Research Summary: We administered a survey experiment to a national sample of 1,068 US adults in April 2020 to determine the factors that shape support for various policing tactics in the midst of the COVID-19 pandemic. Respondents were sharply divided in their views about pandemic policing tactics, and were least supportive of policies that might limit public access to officers or reduce crime deterrence. Information about the health risks to officers, but not to inmates, significantly increased support for precautionary policing, but not for social distance policing. The information effect was modest, but may be larger if the information came from official sources and/or was communicated on multiple occasions. Other factors that are associated with attitudes toward pandemic policing include perceptions of procedural justice, altruistic fear, racial resentment, and authoritarianism. Policy Implications: When considered together with other evidence, one clear takeaway from our study is that the public values police patrols and wants officers on call, even during pandemics. Another is that people who believe the police are procedurally just are more willing to trust officers in times of crisis and to empower them to enforce new laws, such as social distancing ordinances. Our results thus support continued procedural justice training for officers. A third takeaway is that agencies must proactively communicate with the public about the risks their officers face when responding to public health crises or natural disasters, in addition to how they propose to mitigate those risks. They must also be amenable to adjusting in response to community feedback.
At the beginning of every semester, I ask students in my policing classes to consider what they believe the role of police in American society is. This past April, my co-authors and I asked a national sample of 1,068 US adults this question in the context of the COVID-19 pandemic. In other words: what should the police be doing during the pandemic? On the one hand, a recent report by Cynthia Lum and colleagues showed that in the spring of 2020, departments were instructing their officers to pull back from traditional enforcement activities due to public health concerns. On the other hand, police in several cities were given the discretion to enforce new ordinances in the name of public health (e.g., mask requirements, no large gatherings). So, what do citizens think police should focus on during the pandemic?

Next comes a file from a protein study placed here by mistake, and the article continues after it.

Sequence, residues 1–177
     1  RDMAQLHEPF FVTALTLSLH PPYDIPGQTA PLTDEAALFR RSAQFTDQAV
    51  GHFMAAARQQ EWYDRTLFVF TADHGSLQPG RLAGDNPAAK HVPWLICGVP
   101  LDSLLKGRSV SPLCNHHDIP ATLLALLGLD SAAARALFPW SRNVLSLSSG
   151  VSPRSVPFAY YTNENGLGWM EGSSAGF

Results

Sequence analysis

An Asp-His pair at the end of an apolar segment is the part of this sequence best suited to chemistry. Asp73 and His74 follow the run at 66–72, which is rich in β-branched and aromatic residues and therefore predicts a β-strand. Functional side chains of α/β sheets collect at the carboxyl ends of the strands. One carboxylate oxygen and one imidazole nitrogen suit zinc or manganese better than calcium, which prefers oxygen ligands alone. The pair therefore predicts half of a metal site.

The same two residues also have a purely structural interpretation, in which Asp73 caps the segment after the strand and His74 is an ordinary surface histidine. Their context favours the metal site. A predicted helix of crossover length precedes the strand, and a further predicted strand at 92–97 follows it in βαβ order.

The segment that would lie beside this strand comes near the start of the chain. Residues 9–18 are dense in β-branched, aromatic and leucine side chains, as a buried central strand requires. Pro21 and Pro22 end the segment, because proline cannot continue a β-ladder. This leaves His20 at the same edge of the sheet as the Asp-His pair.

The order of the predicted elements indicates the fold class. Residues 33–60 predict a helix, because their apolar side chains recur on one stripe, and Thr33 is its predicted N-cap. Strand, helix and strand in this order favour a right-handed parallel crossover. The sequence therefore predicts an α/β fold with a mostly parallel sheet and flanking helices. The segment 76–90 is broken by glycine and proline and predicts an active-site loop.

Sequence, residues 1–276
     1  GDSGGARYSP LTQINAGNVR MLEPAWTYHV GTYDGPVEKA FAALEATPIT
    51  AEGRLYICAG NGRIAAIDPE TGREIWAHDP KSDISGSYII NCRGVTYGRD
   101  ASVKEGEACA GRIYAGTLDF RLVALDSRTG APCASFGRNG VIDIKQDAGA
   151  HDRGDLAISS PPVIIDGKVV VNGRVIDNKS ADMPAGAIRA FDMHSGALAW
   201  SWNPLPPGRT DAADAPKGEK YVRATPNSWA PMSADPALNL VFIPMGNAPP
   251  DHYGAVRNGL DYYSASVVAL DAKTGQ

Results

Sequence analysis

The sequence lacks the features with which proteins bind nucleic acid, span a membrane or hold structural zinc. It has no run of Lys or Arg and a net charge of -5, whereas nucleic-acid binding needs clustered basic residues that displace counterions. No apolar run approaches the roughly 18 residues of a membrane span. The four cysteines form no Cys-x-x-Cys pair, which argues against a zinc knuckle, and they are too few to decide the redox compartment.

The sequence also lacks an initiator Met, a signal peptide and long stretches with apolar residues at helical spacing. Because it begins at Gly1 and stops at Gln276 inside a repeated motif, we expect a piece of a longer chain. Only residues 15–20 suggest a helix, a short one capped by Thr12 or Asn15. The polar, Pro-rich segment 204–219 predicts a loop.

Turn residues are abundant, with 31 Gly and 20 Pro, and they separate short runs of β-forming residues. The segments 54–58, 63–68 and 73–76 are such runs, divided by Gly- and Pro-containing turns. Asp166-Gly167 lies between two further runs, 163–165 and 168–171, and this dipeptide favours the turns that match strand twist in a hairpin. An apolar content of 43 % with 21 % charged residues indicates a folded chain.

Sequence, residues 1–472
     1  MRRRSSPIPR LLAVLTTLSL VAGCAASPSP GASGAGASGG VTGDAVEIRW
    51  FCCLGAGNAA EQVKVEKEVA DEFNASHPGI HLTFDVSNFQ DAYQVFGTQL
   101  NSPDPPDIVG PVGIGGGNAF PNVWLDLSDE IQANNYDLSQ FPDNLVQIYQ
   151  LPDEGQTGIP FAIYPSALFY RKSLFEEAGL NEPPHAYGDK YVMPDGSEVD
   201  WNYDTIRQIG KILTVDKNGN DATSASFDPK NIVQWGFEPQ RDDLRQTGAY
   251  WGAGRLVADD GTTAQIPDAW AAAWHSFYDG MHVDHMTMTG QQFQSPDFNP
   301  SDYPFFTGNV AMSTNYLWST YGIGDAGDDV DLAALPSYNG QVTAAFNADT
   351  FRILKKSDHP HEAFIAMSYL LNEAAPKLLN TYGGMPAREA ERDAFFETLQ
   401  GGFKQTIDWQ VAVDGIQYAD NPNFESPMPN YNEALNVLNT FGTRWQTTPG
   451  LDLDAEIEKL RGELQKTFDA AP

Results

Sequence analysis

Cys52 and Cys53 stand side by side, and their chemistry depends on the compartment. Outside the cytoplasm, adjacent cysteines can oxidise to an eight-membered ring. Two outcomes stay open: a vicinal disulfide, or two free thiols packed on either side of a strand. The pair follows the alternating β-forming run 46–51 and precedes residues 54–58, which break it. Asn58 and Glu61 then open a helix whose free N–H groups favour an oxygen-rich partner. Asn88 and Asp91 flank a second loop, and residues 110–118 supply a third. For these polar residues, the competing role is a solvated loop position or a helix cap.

But before they answered, respondents were randomly assigned to one of three conditions. Those in the policing condition read a brief excerpt from a TIME article informing them of how COVID-19 has affected police departments (e.g., “In some places, as many as one in six officers is out sick or in quarantine.”). Those in the incarceration condition read a brief excerpt from a New York Times article informing them of how COVID-19 has affected jails and prisons (e.g., “Practices to slow the spread of the virus…are nearly impossible inside prisons and jails.”). Finally, those in the control condition receieved no prime and proceeded straight to the survey questions.
The figure below shows the percentage of respondents who supported or strongly supported eight policing activities that we grouped into two categories: precautionary policing or social distance policing.
As you can see, respondents were sharply divided in their views about pandemic policing tactics. Information about how COVID-19 has impacted police departments increased support for precautionary policing, but not social distance policing. Information abou thow COVID-19 has impacted jails and prisons had no effect on support for either policing style. We also observed that global perceptions of procedural justice, fear of others contracting COVID-19, racial resentment, and authoritarianism were associated with respondents’ attitudes toward pandemic policing.
So there’s a lot to unpack here, but one clear takeaway was that the public wants the police to be out there enforcing the law even during a deadly pandemic. Another is that communicating the risks that officers face during public health crises can increase public support for how agencies propose to mitigate those risks. We expect this might also be true in the aftermath of natural disasters.
Unfortunately, Wiley doesn’t allow authors to post the accepted versions of their articles online for 2 years. So in this case, if you want to read the whole paper, shoot me an email and I can send it to you.